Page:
Opportunities include traditional asset classes serviced via the usual brickand-mortar asset servicing model catering to both foreign and domestic investors; newer products and areas such as GIFT-City, commodities etc; and the burgeoning outsourcing industry, which has already seen several large asset service providers set up shop to handle their global backoffice operations.
While these opportunities will require innovation and technology, HSBC’s Rathi says there is a need to “simplify and broaden” the regulatory scope for what can be outsourced by investors to further allow asset service providers to put forth unique solutions.
“The focus also needs to shift from pure back office, as currently is the case, to the inclusion of mid-office activities that will provide further impetus for the asset servicing industry to grow. Such regulatory changes will create a paradigm shift, allowing the asset servicing industry to capture the opportunities through full use of data and technology-backed solutions,” says Rathi.
Further opportunities here include servicing family offices and continuing the focus on offshoring asset servicing work to India.
On the technological side of things, keeping costs down will be key when using technology to unlock opportunities, specifically when it comes to data opportunities. Now more than ever, people are seeing the art of creating, capturing and utilising data as a top priority as it can open up all kinds of revenue opportunities and empower decision making.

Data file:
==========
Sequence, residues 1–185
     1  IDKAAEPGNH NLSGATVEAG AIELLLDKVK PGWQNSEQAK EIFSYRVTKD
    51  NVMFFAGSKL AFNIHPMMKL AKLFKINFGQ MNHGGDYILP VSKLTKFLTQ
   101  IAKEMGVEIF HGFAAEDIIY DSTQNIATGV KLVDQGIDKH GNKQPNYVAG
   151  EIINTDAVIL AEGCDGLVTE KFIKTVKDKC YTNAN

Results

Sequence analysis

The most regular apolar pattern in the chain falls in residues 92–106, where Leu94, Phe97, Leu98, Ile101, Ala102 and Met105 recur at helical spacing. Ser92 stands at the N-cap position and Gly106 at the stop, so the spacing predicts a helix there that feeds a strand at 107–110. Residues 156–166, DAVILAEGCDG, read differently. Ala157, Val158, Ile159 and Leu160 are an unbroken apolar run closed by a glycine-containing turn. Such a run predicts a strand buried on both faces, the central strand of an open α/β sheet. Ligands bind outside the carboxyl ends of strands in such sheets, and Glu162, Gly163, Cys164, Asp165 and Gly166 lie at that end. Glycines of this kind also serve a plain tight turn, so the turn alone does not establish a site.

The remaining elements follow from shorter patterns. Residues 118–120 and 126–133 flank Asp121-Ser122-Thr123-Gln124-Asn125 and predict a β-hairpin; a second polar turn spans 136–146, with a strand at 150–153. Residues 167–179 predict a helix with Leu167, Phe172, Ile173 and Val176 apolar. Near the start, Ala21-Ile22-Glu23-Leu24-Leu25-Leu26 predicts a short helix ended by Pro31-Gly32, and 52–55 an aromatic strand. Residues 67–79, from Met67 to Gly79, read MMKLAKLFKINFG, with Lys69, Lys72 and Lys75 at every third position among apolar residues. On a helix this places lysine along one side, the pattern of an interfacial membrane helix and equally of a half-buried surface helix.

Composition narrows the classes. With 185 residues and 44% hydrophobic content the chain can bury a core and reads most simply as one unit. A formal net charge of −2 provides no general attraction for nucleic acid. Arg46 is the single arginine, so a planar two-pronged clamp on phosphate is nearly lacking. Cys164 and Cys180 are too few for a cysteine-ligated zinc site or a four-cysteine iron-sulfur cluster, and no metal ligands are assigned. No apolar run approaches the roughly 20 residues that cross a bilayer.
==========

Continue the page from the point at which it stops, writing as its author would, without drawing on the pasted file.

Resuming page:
Rathi affirms: “Disruption through data and technology is very real and very visible in the current times, with asset servicing participants and the regulators continuously looking to use technology to enhance the customer experience.”
For example, in its quest to digitise, SEBI has introduced a common application form (CAF), an online platform to simplify the registration process for foreign investors.
Elsewhere, technology such as robotic process automation (RPA) is showing the potential to deploy data and technology solutions to further improve ways of working, and it is just at the tip of the iceberg.
“As assets under administration and assets under custody (AUA/AUC) volumes grow, the winners will be those that have deep partnerships with fintech firms who already provide rich and deep AI capabilities in order to drive both efficiencies and revenue opportunities. AI is not the answer to everything,” says SmartStream’s Kotecha.
However, he warns AI is not the answer to everything. Instead, he stipulates that “focus has to be myopic to address specific and persistent problem areas rather than the traditional ‘mile wide’ approach”.
According to Koteca, they are already seeing results from both international and domestic players who have engaged with companies who have already embedded AI to remove manual tasks within reconciliation and trade breaks, trade processing, and reporting for regulators and clients.
Offering further potential opportunities in India is the Vajra Platform, a distributed ledger technology (DLT) system for automated payment, clearing and settlement, which the National Payments Corporation of India (NPCI) is set to introduce.